The policy chief of Prime Minister Shinzo Abe's Liberal Democratic Party apologized Wednesday over her remarks that drew criticism for making light of the 2011 Fukushima nuclear disaster.
"I retract (the remarks) and offer my apology," said Sanae Takaichi, who said on Monday that Japan should keep using atomic power while pointing out there was no death directly linked to the crisis.
The remarks sparked criticism from both ruling and opposition camps with the opposition parties urging her to resign as LDP policy chief and a lawmaker.
Takaichi told reporters at the party's headquarters that she has left the decision of whether she should resign as the LDP policy chief to "the hands of Prime Minister Shinzo Abe."
Chief Cabinet Secretary Yoshihide Suga said at a press conference that Abe wants Takaichi to stay on as policy chief, given that she has already backtracked on her remarks and apologized.
"The prime minister told me over the phone that he wanted Ms. Takaichi to be careful about what she says, and continue to soundly fulfill her role as policy chief. And I told her about that," Suga said.
The row over her remarks, however, could negatively affect Abe's position for restarting nuclear power reactors, most of which remain offline nationwide due to safety concerns.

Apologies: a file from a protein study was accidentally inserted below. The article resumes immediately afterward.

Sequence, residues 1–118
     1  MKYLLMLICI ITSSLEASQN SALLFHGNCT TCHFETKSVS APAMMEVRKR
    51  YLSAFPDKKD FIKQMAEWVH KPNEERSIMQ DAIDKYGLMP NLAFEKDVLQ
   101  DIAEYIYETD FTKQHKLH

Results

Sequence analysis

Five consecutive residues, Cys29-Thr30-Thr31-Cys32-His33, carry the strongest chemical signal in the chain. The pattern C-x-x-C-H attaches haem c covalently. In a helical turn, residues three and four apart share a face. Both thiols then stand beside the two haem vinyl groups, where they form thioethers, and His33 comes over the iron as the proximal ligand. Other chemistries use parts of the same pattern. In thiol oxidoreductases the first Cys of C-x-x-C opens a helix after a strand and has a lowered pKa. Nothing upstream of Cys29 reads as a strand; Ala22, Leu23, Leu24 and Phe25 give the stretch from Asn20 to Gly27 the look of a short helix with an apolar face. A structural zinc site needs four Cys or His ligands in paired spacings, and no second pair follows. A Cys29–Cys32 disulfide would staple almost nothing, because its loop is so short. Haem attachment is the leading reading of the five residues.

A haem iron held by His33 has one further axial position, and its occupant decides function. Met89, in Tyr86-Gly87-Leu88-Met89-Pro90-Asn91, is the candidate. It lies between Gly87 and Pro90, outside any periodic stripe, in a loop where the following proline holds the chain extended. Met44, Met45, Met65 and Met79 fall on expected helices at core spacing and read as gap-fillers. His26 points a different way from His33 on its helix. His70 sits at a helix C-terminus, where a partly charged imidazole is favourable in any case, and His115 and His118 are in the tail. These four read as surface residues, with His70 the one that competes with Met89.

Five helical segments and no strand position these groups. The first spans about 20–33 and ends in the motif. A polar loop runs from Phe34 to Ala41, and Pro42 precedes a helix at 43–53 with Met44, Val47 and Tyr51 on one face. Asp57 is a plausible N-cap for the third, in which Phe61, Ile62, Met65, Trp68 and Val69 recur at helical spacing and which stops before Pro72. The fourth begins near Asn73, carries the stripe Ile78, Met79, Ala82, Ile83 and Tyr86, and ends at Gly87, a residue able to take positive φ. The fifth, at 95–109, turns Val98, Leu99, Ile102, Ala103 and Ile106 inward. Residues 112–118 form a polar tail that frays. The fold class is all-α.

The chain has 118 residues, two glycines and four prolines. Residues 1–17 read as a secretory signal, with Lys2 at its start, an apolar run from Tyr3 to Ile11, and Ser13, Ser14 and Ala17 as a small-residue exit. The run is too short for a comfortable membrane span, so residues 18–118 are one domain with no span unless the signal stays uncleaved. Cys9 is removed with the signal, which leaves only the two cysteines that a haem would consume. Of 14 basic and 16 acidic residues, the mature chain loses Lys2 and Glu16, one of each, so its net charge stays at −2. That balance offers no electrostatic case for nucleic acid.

In a speech in Kobe on Monday in which she called for the resumption of atomic power generation in Japan, Takaichi said, "No one has died" in the crisis following the March 2011 earthquake and tsunami in eastern Japan, adding, "So, we have little choice but to utilize (nuclear reactors) while ensuring maximum safety."
After facing fierce criticism, Takaichi tried to clarify her remarks Tuesday, saying, "My way of phrasing things was bad." But On Wednesday, she even faced protest from a Cabinet member.
"I'm very angry," Masako Mori, minister in charge of declining birthrate, told reporters after meeting with Takaichi. Mori, a House of Councillors member, is elected from Fukushima Prefecture.
The LDP chapter in Fukushima submitted a letter of protest to the party's leadership, saying Takaichi "is not fully aware of the current situation in Fukushima and lacks consideration" for people affected by the crisis.
The letter also noted many people remain evacuated due to radiation fears, and that more than 1,400 people have died for reasons related to the disaster, including those who committed suicide due to negative mental health.
Radiation fears forced more than 150,000 people to flee their homes in Fukushima Prefecture as of May, the government said, while seriously damaging farming and fisheries industries in surrounding areas.